A New Hampshire court rejected a lawsuit brought by progressive activists attempting to reinstate federal unemployment bonuses, even as Granite State businesses go begging for workers.

The lawsuit was brought against the State of New Hampshire Department of Employment Security and its Commissioner, George Copadis. It was filed just ahead of Labor Day in the Hillsborough Superior Court – South in Nashua, and it sought to force the state government to approve an extension of the extra $300 a week benefit for people impacted by the COVID-19 pandemic.

That benefit, the emergency federal unemployment supplement, was part of the $2.2 trillion CARES Act passed in March 2020 and originally paid unemployed workers $600 a week. When it expired, a new federal supplement of $300 per week was authorized via executive order by President Donald Trump and extended as part of the American Rescue Plan that passed in March 2021, with an expiration date of September 6, 2021.

In April 2020, when the pandemic lockdown was in full swing, unemployment in New Hampshire soared to 16.3 percent, the highest level ever recorded since local agencies began collecting data in 1976.

By August of 2020, it had fallen to 6.3 percent. A year later, it’s down to 3 percent — one of the lowest jobless rates in the country. Granite State businesses are struggling to fill around 40,000 job openings — double the number before COVID-19 hit.

In response, Gov. Chris Sununu stopped the federal unemployment bonus (N.H. state unemployment is still available), and he used part of the money to fund bonuses for people returning to work.

The four plaintiffs, supported by Granite State Progress and represented by attorney Mike Perez, argued the wording of the CARES Act, along with the Social Security Act, made New Hampshire’s participation in the program mandatory.

Judge Jacalyn Colburn said no. Not only did she reject their request for a preliminary injunction, but she also ruled against the entire premise of their suit as “flawed.”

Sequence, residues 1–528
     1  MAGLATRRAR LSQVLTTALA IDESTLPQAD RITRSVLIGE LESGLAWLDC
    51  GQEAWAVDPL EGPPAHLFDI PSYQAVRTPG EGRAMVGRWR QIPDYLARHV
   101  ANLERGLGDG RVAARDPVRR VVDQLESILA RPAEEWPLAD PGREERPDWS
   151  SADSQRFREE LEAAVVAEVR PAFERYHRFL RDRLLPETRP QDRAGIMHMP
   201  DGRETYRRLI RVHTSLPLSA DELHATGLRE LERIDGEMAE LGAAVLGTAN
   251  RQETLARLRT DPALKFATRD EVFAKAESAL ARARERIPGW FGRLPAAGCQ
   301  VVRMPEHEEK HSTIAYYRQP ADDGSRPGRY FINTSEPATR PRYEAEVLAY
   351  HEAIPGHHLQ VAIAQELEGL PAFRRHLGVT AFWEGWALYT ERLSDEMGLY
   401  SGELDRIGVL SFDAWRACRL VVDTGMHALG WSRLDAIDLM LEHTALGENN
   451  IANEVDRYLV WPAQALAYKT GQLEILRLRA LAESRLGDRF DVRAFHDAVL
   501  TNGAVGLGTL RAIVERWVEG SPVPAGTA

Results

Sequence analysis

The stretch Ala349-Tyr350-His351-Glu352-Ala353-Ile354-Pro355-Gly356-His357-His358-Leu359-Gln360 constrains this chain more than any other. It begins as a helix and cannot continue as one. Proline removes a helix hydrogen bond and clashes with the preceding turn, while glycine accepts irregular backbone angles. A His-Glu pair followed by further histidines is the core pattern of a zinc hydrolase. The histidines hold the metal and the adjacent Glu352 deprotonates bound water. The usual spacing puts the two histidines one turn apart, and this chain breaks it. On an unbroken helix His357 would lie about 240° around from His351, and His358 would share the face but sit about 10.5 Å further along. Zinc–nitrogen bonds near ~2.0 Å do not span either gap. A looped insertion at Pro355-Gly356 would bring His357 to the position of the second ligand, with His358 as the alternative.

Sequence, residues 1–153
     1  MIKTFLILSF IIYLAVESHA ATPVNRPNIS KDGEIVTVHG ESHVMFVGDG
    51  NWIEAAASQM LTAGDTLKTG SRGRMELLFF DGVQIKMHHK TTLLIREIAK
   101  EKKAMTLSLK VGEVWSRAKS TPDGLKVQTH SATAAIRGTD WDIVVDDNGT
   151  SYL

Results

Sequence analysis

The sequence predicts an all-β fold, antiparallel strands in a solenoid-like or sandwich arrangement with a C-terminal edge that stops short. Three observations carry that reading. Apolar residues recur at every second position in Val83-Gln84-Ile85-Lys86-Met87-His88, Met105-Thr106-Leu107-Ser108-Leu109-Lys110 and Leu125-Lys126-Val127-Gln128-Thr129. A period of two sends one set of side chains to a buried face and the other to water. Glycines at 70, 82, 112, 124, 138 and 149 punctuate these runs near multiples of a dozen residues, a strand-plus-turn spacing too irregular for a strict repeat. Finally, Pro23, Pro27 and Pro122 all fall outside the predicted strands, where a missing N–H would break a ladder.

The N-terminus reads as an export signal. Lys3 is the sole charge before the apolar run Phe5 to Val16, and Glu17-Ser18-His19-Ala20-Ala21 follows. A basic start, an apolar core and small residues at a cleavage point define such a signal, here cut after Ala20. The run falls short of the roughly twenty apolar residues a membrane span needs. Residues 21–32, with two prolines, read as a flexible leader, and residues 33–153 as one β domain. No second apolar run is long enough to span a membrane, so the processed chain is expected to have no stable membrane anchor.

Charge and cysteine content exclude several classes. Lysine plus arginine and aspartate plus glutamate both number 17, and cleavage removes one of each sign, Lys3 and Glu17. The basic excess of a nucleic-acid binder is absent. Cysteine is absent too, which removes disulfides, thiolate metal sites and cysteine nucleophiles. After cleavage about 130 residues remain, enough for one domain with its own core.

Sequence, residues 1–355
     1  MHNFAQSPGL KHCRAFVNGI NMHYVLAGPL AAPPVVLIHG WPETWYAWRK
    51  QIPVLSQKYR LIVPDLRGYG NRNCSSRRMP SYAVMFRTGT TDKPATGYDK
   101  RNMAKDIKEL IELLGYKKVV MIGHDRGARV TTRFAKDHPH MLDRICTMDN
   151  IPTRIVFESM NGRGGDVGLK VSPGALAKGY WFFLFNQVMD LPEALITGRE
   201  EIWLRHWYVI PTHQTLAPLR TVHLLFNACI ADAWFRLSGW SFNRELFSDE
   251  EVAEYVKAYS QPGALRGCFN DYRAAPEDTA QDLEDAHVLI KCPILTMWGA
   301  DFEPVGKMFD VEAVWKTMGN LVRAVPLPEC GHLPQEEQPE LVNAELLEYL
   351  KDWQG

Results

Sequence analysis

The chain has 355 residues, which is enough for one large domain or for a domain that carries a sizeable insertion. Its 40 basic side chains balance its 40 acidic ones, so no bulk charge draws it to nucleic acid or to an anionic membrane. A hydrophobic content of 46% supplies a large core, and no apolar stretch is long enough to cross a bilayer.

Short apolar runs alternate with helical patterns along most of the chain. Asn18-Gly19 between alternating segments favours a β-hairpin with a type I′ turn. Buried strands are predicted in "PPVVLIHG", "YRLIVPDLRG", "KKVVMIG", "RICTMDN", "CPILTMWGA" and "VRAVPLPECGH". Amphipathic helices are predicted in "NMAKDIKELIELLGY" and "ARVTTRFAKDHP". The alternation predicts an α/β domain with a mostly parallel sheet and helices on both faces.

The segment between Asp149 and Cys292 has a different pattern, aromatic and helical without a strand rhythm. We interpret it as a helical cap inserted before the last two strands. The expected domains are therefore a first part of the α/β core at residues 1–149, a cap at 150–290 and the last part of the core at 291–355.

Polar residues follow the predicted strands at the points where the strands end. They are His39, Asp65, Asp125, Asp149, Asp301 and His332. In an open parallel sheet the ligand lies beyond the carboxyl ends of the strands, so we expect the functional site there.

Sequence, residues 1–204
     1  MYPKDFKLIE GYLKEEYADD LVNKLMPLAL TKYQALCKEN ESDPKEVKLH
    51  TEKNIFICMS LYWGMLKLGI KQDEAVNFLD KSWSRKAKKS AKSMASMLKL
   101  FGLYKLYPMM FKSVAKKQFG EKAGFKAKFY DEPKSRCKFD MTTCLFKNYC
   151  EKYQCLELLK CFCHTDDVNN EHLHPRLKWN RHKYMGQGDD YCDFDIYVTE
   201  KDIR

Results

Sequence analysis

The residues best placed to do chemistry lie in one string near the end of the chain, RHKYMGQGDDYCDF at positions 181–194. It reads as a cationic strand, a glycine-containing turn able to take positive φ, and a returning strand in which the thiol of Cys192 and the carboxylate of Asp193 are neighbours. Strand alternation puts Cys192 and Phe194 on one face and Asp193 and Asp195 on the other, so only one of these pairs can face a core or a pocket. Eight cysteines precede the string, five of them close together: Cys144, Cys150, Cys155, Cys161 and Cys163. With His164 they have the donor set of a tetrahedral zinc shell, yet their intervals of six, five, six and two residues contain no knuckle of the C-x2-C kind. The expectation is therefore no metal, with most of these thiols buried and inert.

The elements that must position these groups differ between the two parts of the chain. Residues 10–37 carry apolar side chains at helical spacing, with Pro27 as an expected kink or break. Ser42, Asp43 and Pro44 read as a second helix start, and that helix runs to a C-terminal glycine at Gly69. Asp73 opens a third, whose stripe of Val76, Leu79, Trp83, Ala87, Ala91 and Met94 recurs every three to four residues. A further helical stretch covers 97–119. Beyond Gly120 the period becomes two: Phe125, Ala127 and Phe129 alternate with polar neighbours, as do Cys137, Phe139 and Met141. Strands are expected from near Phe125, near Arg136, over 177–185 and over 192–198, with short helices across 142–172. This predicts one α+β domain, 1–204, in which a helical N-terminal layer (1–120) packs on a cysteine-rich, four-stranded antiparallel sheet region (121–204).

“(T)he Court concludes that the plaintiffs have not demonstrated a likelihood of success on the merits of their claims because neither of the statutes on which they rely require the defendants to act,” Colburn wrote. “Moreover, because all of the plaintiffs’ claims for relief are premised on flawed interpretations of RSA 282-A:127, I and 15 U.S.C. § 9021(c), the Court further finds that the plaintiffs cannot succeed on the merits of their claims as a matter of law.

“In other words, the plaintiffs have failed to state claims for which relief may be granted.”

Sununu praised the ruling.

“The New Hampshire Department of Employment Security has done a phenomenal job throughout the pandemic assisting out-of-work Granite Staters receive benefits and find work, and this ruling will allow them to continue helping our citizens unobstructed as we move forward,” Sununu said in a statement.

Perez, who operates a private practice based in Massachusetts that specializes in cannabis-related business law, said Monday he is considering taking the lawsuit to the New Hampshire Supreme Court.

The plaintiffs are reviewing the decision, and we are considering all options at this point, including appeal,” Perez said.

Andrew Cline, president of the Josiah Barlett Center for Public Policy says the additional spending isn’t needed.

“There are more job openings in New Hampshire than there are Sullivans in Boston,” Cline said. “In addition to tens of thousands of available jobs, the state has community colleges, private job training companies and social service organizations eager to help people upgrade their skills. There is no shortage of employment opportunities in the state.”

Zandra Rice Hawkins, executive director at Granite State Progress, said the state still has the ability to reinstate the pandemic unemployment program. The federal deadline to do that is Oct. 3. She lays the blame on Sununu for not taking action, even though he’s not named as the defendant in the lawsuit.

“All the Sununu administration has to do is act. But instead, Sununu is actually spending taxpayer dollars fighting lawsuits hoping to restore benefits for families,” Rice Hawkins said. “This makes absolutely no sense and is a complete waste of state resources. Sununu should be focused on expanding economic stability for families and small business owners, not harming it.”

The federal benefits ended on schedule September 6, so the plaintiffs could only collect them retroactively.

Meanwhile, the job market has steadily improved in New Hampshire since, though it still isn’t quite back to pre-pandemic levels. John Williams, president of the Federal Reserve Bank of New York, said in a speech Monday afternoon that the national labor market has a ways to go before it is going to completely recover from COVID-19.

“We still have a long way to go until we achieve the Federal Reserve’s maximum employment goal,” Williams said, according to The New York Times.